Fire officials told FOX25 four adults and two children were on the top floor of the triple-decker when the fire broke out.

Firefighters brought a ladder to the window and helped all six climb out and get to safety. All were taken to UMass Worcester Hospital to be checked out for smoke inhalation.

Three companies were sent to battle the blaze as the flames melted the siding on neighboring houses.

No firefighters were injured and the flames were under control Saturday morning. Fire officials are investigating the cause and origin of the blaze.


Six people were taken to a hospital after a 3-alarm fire broke out in Worcester, Massachusetts, early Saturday morning.

The fire took place at 2 Pelham St. Heavy flames consumed the second and third floors of the building.

According to the Worcester Fire Department, 11 people total are displaced as a result of the incident. Six people were trapped in the building and later hospitalized for non-life threatening injuries. Five others were displaced and remain unharmed.

The fire was knocked out an hour after it began and no firefighters were injured during the rescue.

The cause of the fire is still under investigation.

Arson charges have been filed against a child in connection with the massive Beaver Creek fire near Walden in Colorado that destroyed 38,000 acres and several structures

By Jesse Paul | 

UPDATED: October 21, 2016 at 11:26 pm

Prosecutors announced on Friday that arson charges have been filed against a child in connection with the massive Beaver Creek fire near Walden in Colorado.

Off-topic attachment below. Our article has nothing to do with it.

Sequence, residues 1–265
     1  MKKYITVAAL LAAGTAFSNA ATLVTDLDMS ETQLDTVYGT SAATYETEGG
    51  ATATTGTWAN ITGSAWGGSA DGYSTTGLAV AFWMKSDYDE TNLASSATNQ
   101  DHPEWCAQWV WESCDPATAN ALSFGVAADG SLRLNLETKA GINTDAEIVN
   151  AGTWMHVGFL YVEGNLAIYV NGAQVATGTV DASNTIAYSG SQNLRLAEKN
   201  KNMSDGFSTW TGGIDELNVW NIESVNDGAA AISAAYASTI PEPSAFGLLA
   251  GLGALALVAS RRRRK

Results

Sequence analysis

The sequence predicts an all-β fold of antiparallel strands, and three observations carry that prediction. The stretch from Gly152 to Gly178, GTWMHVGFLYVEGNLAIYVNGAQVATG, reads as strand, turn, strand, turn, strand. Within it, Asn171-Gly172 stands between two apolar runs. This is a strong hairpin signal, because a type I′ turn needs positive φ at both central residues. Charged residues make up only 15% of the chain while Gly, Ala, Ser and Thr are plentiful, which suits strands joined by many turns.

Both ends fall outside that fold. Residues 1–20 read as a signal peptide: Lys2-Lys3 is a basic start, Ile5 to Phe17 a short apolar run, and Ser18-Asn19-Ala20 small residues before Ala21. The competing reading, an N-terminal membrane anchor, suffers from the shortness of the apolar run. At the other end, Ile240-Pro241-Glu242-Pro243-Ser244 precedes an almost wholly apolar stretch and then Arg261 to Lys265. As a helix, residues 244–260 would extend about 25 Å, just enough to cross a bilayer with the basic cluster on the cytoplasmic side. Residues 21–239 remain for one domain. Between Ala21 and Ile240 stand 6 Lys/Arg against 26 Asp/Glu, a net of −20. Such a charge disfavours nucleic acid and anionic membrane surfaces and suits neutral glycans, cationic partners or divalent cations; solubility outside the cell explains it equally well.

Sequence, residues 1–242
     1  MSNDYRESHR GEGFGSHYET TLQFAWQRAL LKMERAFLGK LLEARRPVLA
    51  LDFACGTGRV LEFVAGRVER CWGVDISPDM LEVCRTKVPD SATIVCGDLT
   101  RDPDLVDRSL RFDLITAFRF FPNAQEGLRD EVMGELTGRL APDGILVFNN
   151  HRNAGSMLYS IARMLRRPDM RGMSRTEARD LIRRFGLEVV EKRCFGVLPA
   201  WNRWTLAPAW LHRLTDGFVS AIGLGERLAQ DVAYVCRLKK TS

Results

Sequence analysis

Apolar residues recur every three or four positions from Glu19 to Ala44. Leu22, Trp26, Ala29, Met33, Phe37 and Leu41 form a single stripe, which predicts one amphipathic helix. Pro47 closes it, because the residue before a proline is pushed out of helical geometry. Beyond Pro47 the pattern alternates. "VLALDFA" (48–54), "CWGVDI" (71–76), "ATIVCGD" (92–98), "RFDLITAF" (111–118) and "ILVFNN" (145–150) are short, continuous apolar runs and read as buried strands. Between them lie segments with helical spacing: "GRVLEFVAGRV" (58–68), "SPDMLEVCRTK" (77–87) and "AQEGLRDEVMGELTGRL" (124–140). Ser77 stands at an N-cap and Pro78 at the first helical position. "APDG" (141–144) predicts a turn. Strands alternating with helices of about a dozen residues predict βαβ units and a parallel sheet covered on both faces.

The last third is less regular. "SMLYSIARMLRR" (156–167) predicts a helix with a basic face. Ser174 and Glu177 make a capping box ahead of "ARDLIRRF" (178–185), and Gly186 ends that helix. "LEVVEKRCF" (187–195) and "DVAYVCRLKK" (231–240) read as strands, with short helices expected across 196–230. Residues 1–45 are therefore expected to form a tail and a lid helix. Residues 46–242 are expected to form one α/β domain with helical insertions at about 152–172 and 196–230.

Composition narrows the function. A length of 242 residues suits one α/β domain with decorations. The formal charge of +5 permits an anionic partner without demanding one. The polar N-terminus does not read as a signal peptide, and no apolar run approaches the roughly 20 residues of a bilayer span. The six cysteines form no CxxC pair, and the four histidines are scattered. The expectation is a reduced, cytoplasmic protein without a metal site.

The Eighth Judicial District Attorney’s Office says the accusations were filed on Oct. 4. The child’s name, age and gender were not released and authorities declined to release further information in the case.

The fire, which was reportedly still smoldering earlier this week, burned more than 38,000 acres, destroying one home and 16 other structures. It spread into Wyoming and prompted hundreds of firefighters to be summoned to fight the burn.

The fire was ignited on June 19 and consumed land managed by the U.S. Forest Service, Bureau of Land Management, Wyoming State Forestry Division and Colorado.

“The investigating authorities are continuing to conduct follow-up interviews and finalize reports,” the district attorney’s office said in a news release. “… Due to the suspect’s age, the District Attorney’s Office will not be issuing any further information pertaining to this case.”

The Beaver Creek fire stood apart from other wildfires and was so difficult to harness because of its 38,000-plus acres of mostly beetle-kill timber, a volatile fuel that forces firefighters to rethink the way they can safely approach such large burns. The U.S. Forest Service hopes the fire provides a blueprint for how to fight blazes in the millions of acres of forest in Colorado and across the West that have been ravaged by insects.

Authorities had hinted that the fire was human caused, but until Friday had not announced any arrests or further details in the case.